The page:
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11. Under A Sunlit Canopy in Angas Gardens

Under A Sunlit Canopy in Angas Gardens
90 cm (w) x 60 cm (h), oil paints on board.
Date produced: March 2017 - September 2018.

We live in an amazing world. I find a lot of beauty and interest, and gain immense inspiration from the natural world around me.

This painting tries to capture a single view of the real world, just enjoying the colours, tones, forms, spaces, sounds, smells and general magic from being under the sunlit canopy of this magnificent Moreton Bay Fig tree, growing in a highly accessible place in the Adelaide Park Lands. It felt special just to be close to such a huge living organism, with its amazing spreads of massive boughs and exposed buttress roots. This particular tree is a personal favourite of mine and was the subject of a two-year art project of mine, titled "Microcosm", where I spent two years (2005 and 2006) working on pieces directly from one Moreton Bay Fig tree growing in the Adelaide Park Lands.

Location of the subject tree (just north of Adelaide City):

Location of the subject tree


Direction of the view used for the painting:

Direction of the view used for the painting


I wanted to try to produce an oil painting of the same view as that used for an on-site pastel I produced in 2006 as part of working on my Microcosm project. I wanted to produce an oil painting because I didn't want the finished image to be framed behind glass. I typically need to frame my pastels behind glass, because they are all unfixed, and are extremely fragile. 'Fixing' is done with a layer of sprayed lacquer, but this does change the refractive index of each pigment (it changes all of the colours) as well as the transparency of the pastel layers. Glass tends to include distracting reflections, and makes the darker colours more difficult to see. By producing a larger copy with oils, I hoped to create a large pastel-like image that didn't require a protective layer of glass, and that had an even wider dynamic range of observed subtle tones and colours than pastels can reproduce. The big problem was being able to get the oil painting to the subject (and home again safely) enough times to capture the subtle colours one can observe from the real subject in real light. I prefer to work entirely directly from the subject, but knew from previous attempts at producing paintings on-site, that I would not be able to get this oil painting out on-site enough (if at all). I live quite a distance from this tree, and don't have a car to transport it. Even if I did, I know that I wouldn't get enough time at the tree with the same lighting conditions to produce this painting. The light is only 'good' for about an hour each sunny day, and even this changes in the span of just a week or two (as the earth orbits around the sun each year). Other things change over the course of a couple of weeks, such as the length of the grass, the dryness of the ground, etc.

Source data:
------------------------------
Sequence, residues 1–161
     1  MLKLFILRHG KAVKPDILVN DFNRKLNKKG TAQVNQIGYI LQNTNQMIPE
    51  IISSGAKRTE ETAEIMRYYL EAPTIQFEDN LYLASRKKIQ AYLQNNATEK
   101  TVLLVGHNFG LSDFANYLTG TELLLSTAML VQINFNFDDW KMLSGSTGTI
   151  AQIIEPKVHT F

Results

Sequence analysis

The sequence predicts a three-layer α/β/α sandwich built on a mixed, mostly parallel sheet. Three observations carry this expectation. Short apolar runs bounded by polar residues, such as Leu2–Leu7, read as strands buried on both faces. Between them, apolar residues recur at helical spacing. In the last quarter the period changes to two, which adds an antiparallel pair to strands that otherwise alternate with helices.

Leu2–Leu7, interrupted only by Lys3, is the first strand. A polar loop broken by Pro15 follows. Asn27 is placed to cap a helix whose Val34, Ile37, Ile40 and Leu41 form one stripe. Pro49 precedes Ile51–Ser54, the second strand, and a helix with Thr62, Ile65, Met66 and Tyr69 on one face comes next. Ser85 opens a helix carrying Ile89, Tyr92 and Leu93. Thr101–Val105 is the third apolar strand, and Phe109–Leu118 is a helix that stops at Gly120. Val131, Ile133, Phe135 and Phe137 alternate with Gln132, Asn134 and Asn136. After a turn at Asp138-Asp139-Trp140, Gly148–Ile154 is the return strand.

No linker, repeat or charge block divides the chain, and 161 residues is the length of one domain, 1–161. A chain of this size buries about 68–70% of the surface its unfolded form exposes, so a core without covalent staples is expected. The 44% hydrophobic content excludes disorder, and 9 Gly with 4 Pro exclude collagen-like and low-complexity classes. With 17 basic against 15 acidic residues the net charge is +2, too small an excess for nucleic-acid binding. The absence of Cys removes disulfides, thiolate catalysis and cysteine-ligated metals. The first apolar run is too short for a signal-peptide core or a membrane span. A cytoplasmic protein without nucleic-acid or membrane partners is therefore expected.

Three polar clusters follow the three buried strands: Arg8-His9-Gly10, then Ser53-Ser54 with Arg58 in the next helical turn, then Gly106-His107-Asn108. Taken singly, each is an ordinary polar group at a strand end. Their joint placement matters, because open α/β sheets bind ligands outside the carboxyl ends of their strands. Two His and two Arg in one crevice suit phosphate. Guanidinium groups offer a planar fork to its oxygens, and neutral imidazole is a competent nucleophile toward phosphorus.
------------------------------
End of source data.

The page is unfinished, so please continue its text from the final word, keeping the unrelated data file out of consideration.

I decided to try a different method of accessing the subtle observed colours in the scene. This oil painting is the result of using a combination of:

1) A pastel produced on-site directly from the scene (shown below), capturing the subtle tones and colours experienced at the scene (it was crucial that this pastel was produced during the same hour of the day over several days with the same lighting conditions), and

2) A high-quality digital photograph taken of the scene from the same observation point at 11:32 am on 9th March 2017. The photograph was taken during the first pastel session I held at the tree. The photograph was taken as a 'raw' format digital photograph, which means that it could be 'processed' using specialised software in a computer to have many of its colours and tones modified or 'tweaked'. Naturally, I used the on-site pastel here as my reference for processing the photograph that I would use as one of my guides. The photograph had the advantage of capturing a moment in time, so the unique arrangement of branches, leaves and light through the scene would be always available from this photograph.



On-Site Pastel Of Scene:

Under A Sunlit Canopy in Angas Gardens